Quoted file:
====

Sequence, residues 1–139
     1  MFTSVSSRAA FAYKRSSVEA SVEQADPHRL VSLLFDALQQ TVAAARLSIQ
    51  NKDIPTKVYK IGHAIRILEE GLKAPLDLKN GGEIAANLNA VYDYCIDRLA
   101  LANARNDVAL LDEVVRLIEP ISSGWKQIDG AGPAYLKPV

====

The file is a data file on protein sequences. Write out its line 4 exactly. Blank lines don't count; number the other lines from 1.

   101  LANARNDVAL LDEVVRLIEP ISSGWKQIDG AGPAYLKPV